I have tested this idea with a specially tweaked version of my AcqBuffer shared memory “maintenance” program and indeed see this happen for a data block that has 91*310=28210 samples in it, which is 50 more than the 28160 that would fit in. The next block is therefore corrupt.

Now understanding the problem, we can start thinking about a solution. Somehow in the CTF code there is an incorrect estimate of the number of samples that fits into a block. Probably we can play with the channel number to circumvent the problem. Given a certain channel number, Acq will have to determine how many samples fit into a single block. I suspect the bug in the Acq code to be something like sampleNumber = round(28160/numChannels) where it should be sampleNumber = floor(28160/numChannels) i.e. rounding off to the bottom. To solve this, we can look at

for chancount=1:500
success(chancount) = ((round(28160/chancount).*chancount)<=28160);

>> find(success)
ans =
    1     2     4     5     6     8    10    11    13    14    15    16    17    18    19    20    22    23    24    25    26    29   31    32    33    34    36    37    38    39    40    42    44    46    47    50    51    53    54    55    57    59    60    62    64    65    67    68    69    70    72    75    78    79    80    82    83    84    85    86    88    89    91    92    95    96    97    98    99   102   103   105   107   109   110   112   113   114   124   125   126   128   129   132   134   136   138   140   142   145   148   151   152   153   157   158   159   160   176   177   178   179   180   184   185   186   190   191   194   195   198   201   202   204   205   207   208   210   211   213   216   218   220   221   223   225   227   230   232   234   236   238   240   242   244   246   247   249   251   253   255   256   258   260   262   263   265   267   268   270   273   275   276   278   281   284   286   287   289   290   292   293   295   296   298   299   302   305   306   308   309   312   315   316   319   320   322   323   326   327   330   331   334   335   338   339   342   343   346   347   350   351   352   355   356   359   360   361   364   365   369   370   373   374   375   378   379   380   384   385   389   390   391   394   395   396   400   401   402   406   407   408   412   413   414   418   419   420   424   425   426   430   431   432   433   437   438   439   440   444   445   446   451   452   453   454   458   459   460   461   466   467   468   469   474   475   476   477   482   483   484   485   490   491   492   493   494   499   500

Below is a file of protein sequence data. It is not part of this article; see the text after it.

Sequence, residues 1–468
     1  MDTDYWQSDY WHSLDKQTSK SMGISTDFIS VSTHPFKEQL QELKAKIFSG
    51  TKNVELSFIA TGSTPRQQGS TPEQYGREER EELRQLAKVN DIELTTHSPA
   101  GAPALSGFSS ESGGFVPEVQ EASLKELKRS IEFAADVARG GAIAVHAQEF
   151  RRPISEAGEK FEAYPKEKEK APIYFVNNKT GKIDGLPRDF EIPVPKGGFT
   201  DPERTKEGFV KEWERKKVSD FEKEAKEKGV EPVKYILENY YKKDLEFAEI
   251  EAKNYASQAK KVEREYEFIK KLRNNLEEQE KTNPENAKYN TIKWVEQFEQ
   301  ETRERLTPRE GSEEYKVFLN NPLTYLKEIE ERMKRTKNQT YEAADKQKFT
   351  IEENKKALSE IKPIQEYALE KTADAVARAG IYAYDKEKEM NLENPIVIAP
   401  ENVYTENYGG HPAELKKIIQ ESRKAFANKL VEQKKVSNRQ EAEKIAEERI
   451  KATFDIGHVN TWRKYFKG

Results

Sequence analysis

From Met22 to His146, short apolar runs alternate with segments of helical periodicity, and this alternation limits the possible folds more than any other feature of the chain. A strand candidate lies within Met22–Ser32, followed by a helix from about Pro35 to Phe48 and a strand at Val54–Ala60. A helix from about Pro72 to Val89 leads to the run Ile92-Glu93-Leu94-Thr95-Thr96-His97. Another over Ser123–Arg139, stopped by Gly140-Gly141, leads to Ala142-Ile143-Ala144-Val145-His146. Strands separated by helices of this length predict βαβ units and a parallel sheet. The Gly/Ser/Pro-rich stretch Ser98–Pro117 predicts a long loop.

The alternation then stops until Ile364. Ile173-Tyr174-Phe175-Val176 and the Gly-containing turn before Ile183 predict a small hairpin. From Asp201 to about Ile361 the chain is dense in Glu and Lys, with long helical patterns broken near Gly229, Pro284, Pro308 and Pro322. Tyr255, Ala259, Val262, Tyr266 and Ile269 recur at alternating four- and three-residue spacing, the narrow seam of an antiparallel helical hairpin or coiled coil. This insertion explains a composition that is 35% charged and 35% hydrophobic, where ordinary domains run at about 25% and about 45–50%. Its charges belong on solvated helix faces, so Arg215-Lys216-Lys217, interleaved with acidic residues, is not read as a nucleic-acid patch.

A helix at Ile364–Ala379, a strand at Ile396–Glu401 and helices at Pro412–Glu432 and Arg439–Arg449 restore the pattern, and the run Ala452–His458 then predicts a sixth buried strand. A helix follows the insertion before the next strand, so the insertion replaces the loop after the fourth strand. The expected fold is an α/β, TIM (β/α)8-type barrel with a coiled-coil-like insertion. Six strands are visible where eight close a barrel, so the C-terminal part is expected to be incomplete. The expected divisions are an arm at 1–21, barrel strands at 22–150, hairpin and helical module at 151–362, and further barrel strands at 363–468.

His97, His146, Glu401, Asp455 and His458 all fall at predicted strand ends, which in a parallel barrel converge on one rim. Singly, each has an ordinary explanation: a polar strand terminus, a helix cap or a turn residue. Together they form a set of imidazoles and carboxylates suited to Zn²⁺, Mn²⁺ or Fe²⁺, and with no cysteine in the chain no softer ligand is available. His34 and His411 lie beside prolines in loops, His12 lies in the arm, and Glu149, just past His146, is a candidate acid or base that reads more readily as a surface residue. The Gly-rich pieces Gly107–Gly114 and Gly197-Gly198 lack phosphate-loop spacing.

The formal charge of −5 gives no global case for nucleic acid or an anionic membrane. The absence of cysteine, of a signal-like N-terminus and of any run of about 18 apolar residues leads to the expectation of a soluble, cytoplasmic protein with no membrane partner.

Update: This calculation seems not to be 100% correct. For example, 359 channels do NOT work. 360 seems to be okay.

This is the table (up to 500 channels) that lists the number of channels for which it will work. The test that I performed happened to be with 310 channels, which is not in the list. Since we can always add a few (unused) EEG channels to the acquisition, we can work around the bug in the CF Acq software.

development/realtime/ctf.txt · Last modified: 2016/05/18 11:18 by robert